Richie had never acted as a lawyer for O’Gara Coach. So, the regular conflict analysis for successive representation did not apply. So, the court considered cases in which disqualification had been based on the acquisition of an adversary's privileged communication by means other than a prior attorney-client relationship.
Richie possessed presumptively privileged information regarding O'Gara Coach's development, implementation, and enforcement of its workplace polices, as well as knowledge of other confidential information regarding the company, its operations and its general litigation strategies. But no evidence suggested that Richie was involved in any way in investigating these particular complaints of a hostile work environment or had any discussions with O'Gara Coach's outside counsel regarding these claims. In short, the confidential information upon which disqualification was sought was simply “playbook” information. Confidential information protected by the substantial relationship test does not include playbook information. So, disqualification was not proper.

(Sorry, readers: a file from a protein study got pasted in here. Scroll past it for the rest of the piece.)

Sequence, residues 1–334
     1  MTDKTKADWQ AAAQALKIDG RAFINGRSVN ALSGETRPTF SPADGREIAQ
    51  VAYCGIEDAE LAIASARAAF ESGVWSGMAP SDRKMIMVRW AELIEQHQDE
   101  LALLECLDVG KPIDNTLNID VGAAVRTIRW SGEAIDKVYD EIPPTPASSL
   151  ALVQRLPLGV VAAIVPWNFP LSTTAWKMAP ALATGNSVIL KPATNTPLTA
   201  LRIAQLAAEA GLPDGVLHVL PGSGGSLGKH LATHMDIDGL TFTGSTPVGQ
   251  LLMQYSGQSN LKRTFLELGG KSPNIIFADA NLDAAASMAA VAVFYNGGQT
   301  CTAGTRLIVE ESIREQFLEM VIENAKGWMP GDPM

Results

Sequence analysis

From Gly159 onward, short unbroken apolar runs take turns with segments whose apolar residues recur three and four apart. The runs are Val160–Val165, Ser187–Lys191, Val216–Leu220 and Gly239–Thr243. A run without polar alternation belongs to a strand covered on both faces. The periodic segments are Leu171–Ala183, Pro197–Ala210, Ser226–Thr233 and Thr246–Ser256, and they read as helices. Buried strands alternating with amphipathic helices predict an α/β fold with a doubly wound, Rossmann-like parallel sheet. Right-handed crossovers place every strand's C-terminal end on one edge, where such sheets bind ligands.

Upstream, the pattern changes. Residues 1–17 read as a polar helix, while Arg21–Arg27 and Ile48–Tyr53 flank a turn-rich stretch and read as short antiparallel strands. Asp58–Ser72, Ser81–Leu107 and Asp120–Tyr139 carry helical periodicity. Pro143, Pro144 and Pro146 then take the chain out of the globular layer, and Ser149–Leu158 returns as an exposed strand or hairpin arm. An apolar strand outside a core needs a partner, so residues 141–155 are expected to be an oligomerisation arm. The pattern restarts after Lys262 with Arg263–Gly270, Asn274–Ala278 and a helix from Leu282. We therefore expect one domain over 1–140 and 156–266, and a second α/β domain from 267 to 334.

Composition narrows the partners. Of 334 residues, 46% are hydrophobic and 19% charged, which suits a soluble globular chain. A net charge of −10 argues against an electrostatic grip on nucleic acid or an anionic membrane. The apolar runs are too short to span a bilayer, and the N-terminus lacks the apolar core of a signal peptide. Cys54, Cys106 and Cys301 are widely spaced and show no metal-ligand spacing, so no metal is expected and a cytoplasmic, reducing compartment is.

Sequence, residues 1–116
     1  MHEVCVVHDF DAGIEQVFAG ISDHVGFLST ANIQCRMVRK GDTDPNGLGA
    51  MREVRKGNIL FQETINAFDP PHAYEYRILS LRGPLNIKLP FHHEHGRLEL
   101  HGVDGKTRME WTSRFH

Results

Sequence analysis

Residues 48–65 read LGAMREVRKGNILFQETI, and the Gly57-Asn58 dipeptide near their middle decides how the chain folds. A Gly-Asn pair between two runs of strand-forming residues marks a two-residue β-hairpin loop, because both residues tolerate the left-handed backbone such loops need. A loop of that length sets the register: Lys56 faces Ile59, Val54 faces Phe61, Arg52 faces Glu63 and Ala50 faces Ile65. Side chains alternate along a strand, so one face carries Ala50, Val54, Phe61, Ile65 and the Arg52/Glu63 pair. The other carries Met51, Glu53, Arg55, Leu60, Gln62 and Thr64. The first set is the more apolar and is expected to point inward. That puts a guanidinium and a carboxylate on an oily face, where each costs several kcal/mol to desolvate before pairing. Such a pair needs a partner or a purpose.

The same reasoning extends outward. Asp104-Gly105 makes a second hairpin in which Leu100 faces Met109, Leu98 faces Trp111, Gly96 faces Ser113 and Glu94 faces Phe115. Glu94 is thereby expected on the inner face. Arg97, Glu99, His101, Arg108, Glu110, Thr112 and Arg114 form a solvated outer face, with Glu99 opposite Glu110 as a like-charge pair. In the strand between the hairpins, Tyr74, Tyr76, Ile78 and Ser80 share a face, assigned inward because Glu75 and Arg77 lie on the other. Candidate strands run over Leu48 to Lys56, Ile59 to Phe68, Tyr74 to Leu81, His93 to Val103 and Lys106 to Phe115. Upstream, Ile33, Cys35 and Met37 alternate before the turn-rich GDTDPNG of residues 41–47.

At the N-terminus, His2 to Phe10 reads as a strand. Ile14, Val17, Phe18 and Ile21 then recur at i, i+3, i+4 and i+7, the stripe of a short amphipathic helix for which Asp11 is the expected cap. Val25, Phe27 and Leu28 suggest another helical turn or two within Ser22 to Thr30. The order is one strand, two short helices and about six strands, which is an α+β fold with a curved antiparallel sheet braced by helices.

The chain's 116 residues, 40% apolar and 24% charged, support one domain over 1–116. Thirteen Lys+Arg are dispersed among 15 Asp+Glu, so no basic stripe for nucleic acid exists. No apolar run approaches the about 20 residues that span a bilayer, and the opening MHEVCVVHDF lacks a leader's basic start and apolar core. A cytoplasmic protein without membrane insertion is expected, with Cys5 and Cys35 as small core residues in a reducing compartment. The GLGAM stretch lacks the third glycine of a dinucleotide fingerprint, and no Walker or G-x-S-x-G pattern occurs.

Additionally, although it was likely that Richie would be called as a percipient witness at trial, disqualification was not required because the client provided informed written consent, thereby precluding any potential conflict. And O'Gara Coach had no standing to object since it was not a former client.
19.3.5 In the Matter of Lingwood (2019) 2019 Calif. Op. LEXIS 21 - Review Department of the State Bar Court (August 27, 2019)
Must a lawyer acting as a trustee comply with former Rule 3-300 even when the trust instrument permits the trustee to borrow funds from the trust?
Yes. Lingwood prepared a trust agreement for a couple. After the wife’s death, with the husband diagnosed with Alzheimer’s disease, Lingwood became the sole trustee of a trust intended to fund the husband’s care, with two children as beneficiaries. Lingwood, believing some trust investments were losing money and that she could legally do so, borrowed $60,000 from the trust, with the loan secured by a recorded deed of trust on her real property and a guaranteed rate of return of five percent to the trust.
Lingwood made periodic principal and interest payments to the trust. She used the $60,000 for personal expenditures. When one of the beneficiaries complained, she refinanced her real property and repaid the trust within a year of the loan having been made.